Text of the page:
Heparin-Induced Thrombocytopenia: A Case Presentation and Review. Cohen R, Castellano M, Garcia CA. Journal of Clinical Medicine Research 2012; 4(1):68-72.
Measles Outbreak in a Highly Vaccinated Population, San Diego, 2008: Role of the Intentionally Undervaccinated. Sugerman DE, Barskey AE, Delea MG, Ortega-Sanchez IR, Bi D, Ralston KJ, Rota PA, Waters-Montijo K, LeBaron CW. Pediatrics 2010. 125(4):747-755.
Stony Brook is also “The Right Fit” because of the amazing residents. Residency is tough but having great, supportive people to share your troubles seems to lighten the load. Residents become surrogate family, as you spend holidays together. During Hurricane Sandy and the numerous other hurricanes, many residents huddled together at home or in the hospital to brave the storms. They often get together at the end of rotations for team dinners and happy hours. They have also organized groups for volunteering in the community as medical teams at the marathon or at a soup kitchen. While the program itself is structured so well, the strength lies within its strong, capable residents.
Christine’s path to medicine has been a long and winding road with rough terrain and detours. Her decision to become a doctor was not triggered by one incident. Her humble beginnings as a child surgeon involved repairing detached limbs and performing “cataract surgery” on Monkey-Key, her most beloved stuffed animal. During high school Christine started working in hospice care, providing comfort and happiness to people at the end of their lives. That experience gave her a new perspective on medicine. During college, she worked part-time as an emergency room technician in a Chicago hospital and was exposed to patients who lacked the resources for preventative medical care. Christine found herself questioning whether becoming a physician really was the right path for her, and she soon concluded that it was not. Instead, Christine headed to graduate school and completed a Master’s degree in public health. Christine then set off on a journey to improve people’s lives through health education and prevention. Along the way, however, Christine became convinced that she could make a greater impact on the public’s health by combining her education and experiences with a degree in medicine. Christine resolved to go to medical school after all.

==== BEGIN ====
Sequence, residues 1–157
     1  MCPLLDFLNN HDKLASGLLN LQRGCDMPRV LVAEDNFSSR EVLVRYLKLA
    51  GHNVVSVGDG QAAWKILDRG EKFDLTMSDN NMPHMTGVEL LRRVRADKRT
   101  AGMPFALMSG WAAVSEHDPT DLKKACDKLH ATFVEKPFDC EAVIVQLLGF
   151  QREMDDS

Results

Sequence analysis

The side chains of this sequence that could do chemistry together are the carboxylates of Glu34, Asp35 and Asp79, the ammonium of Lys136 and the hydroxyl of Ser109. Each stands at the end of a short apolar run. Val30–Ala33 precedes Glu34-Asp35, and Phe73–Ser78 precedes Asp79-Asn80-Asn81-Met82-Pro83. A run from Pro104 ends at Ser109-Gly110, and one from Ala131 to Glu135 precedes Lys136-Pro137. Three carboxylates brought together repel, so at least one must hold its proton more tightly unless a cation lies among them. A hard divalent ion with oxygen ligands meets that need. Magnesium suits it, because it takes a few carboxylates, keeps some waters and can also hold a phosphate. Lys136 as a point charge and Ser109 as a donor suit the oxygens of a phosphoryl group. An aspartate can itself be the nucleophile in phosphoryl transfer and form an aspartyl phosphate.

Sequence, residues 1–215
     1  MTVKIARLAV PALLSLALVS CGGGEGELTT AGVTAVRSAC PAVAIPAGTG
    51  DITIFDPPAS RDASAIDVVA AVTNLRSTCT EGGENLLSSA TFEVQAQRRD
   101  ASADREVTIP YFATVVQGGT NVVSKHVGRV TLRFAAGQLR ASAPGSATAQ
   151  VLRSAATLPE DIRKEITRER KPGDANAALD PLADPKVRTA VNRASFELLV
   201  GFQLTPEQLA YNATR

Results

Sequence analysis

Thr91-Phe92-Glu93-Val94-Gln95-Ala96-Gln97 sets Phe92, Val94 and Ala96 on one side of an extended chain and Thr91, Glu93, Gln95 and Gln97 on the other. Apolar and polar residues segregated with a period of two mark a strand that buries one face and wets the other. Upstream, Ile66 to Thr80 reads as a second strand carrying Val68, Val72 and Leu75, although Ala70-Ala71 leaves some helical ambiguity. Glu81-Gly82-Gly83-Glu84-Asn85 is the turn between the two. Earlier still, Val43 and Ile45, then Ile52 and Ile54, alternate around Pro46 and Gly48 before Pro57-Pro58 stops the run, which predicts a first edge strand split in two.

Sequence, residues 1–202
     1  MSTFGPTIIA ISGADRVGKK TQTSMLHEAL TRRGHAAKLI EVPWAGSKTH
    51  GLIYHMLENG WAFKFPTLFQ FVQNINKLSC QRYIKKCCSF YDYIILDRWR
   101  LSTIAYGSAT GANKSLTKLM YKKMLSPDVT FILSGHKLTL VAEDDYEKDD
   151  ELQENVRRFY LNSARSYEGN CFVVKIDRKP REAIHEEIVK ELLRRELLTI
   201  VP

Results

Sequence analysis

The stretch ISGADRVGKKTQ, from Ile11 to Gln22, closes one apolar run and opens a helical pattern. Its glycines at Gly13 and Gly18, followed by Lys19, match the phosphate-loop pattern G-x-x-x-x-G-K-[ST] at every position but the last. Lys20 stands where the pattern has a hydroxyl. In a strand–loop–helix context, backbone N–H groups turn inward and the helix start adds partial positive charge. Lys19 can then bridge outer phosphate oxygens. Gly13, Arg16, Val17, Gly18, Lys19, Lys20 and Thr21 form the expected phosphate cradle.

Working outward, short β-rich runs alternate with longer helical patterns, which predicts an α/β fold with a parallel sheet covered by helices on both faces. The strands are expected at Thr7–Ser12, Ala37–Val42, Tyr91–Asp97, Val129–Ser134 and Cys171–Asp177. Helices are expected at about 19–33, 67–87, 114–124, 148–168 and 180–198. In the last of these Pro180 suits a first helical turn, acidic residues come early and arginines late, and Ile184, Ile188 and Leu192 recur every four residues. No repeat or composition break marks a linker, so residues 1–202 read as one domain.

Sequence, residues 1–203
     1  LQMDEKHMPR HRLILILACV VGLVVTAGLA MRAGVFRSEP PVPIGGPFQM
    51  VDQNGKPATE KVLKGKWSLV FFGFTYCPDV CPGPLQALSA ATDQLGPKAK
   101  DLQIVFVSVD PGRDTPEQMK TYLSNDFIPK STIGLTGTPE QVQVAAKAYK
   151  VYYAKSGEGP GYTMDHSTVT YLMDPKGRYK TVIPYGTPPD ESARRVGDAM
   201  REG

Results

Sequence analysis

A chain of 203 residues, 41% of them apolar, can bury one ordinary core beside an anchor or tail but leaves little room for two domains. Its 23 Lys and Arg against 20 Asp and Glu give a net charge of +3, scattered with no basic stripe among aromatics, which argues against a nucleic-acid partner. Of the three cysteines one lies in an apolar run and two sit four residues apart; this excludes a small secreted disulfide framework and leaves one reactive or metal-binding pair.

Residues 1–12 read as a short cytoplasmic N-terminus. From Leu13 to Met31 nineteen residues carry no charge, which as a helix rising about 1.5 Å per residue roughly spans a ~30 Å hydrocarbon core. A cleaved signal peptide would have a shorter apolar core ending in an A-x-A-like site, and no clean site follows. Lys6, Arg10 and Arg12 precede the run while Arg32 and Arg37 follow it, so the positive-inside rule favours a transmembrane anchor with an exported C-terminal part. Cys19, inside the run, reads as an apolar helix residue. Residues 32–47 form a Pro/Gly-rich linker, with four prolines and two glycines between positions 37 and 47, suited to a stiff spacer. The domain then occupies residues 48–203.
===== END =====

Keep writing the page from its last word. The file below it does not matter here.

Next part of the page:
After three solid years working in public health, Christine moved into a small studio apartment in San Diego and studied every night after work to prepare for the MCAT. Christine abandoned a successful career in public health, a comfortable salary, and relaxed lifestyle, to attempt medical school as a second-career student. Studying basic sciences after 5 years away from college was not like riding a bike. Christine was out of practice and had much relearning to do. Finally, after enduring several interviews and waitlists, Christine accepted a spot at St. George’s University in Grenada, in the West Indies. In hindsight, medical school seems to have flown by, even though the first 2 years were not without pain and suffering. It was emotionally and physically draining at times. Living thousands of miles from her family and close friends during the most stressful experience of her life was rough and came with great sacrifice.
Christine completed core clerkships (psychiatry, internal medicine, surgery, obstetrics/gynecology, pediatrics) at 4 different hospitals in Brooklyn. Most students at US medical schools do all of their cores at 1 clinical center, and initially she was not happy to be floating between different hospitals. However, Christine gradually recognized this as an advantage, as she was able to meet great people in each institution. Christine began research at one institution while simultaneously completing rotations at another. In her fourth year, Christine arranged her electives so she could go outside that network and broaden her knowledge and experience. In July 2012, she started residency at Stony Brook University Hospital.